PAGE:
There was a playing ground with the school. Beside that ground, there was an old banyan tree. During the Tiffin period, we would have regular song sessions beneath that old banyan tree. I would sing Anwar’s songs in an open field. Dharmashagor lay beside that field. I had the time of my life singing beneath those old trees; be that in the scorching heat of the Sun; in the rains; in the storms; or in the wintry cold. You cannot experience that pleasure anymore. The urbanites will not be able to appreciate its value. They also will not be able to find it anymore. I cannot express in words how Anwar’s simple and plain lyrics and tunes would make the physiology and the spirituality of the rendezvous of Randha and Krishna sound so heavenly. Let me now tell you how these songs saved me and my friends one day.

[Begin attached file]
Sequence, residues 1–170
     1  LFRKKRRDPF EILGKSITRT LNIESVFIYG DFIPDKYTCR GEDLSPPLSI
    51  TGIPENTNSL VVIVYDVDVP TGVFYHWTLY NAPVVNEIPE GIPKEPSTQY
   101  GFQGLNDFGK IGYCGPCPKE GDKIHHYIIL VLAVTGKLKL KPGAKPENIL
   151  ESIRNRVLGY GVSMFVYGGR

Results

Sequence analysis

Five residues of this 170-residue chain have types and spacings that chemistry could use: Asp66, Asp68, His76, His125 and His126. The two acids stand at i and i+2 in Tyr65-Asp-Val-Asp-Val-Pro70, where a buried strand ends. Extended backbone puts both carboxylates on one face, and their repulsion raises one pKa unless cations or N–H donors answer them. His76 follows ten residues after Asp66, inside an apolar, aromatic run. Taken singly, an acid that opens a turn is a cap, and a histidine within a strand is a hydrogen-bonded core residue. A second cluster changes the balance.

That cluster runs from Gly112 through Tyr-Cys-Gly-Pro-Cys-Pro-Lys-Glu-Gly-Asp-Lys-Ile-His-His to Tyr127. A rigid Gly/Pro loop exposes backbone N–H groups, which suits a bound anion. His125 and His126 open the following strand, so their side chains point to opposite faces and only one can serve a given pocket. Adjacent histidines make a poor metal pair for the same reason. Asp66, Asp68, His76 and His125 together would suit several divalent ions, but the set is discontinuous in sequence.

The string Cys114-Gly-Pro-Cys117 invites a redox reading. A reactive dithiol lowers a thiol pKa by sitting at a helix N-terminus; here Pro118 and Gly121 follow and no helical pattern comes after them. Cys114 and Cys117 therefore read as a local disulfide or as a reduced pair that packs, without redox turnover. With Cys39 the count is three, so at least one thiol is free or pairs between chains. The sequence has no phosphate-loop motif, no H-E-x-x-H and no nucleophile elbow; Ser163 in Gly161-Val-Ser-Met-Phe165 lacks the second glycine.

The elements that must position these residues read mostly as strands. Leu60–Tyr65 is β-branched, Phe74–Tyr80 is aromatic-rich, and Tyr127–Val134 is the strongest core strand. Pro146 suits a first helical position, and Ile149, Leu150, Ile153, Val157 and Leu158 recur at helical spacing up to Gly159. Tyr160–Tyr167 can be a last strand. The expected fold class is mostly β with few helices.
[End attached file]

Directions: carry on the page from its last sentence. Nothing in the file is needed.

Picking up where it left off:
I was a student of Class IX. I was with my friends and class mates at Kamalasagor. This was ten miles away from Comilla. We went there to enjoy the Puja Mela. At that time of the year, a Mela would be held surrounding the Kali Mandir. People from distant villages would travel to enjoy the Mela. After we enjoyed ourselves, we came to Kamalasagor Rail Station. The train to Comilla was about to start. All of us hopped on to the train. We forgot to buy tickets. We were caught by the TT for travelling without tickets. The Station Master of Comilla took us to a go-down near the station and locked us in. When I left the house, I did not bother to take permission from Baba. I thought we would be back before Sunset. So, there was no need to take permission. Now in the go-down, finding no way to get out, I started crying. Mohit, my class mate, came up with a plan. He told us, “The Station Master’s Mother is a big fan of music. She came to our house a few days ago. Hearing Dhop-Kirtan she got emotional and started crying. Sachin start singing your Bhatiyali and Baul songs. If you sing them, then there’s a chance of getting out of here”. I started singing in an exhausted voice. There was no life in the music. At that moment, my only goal was to return back home. Somehow, the song did its magic thanks to Mohit’s Bahaduri. My singing reached the ears of the Station Master’s Mother. Within ten minutes the magic started to work. The gate of the go-down opened. We all saw the Station Master’s Mother standing in front of us. After listening to the songs, she listened to our story from her Son. She let us go free. That was not the end. Before we left, the lady was even kind enough to serve us sweets.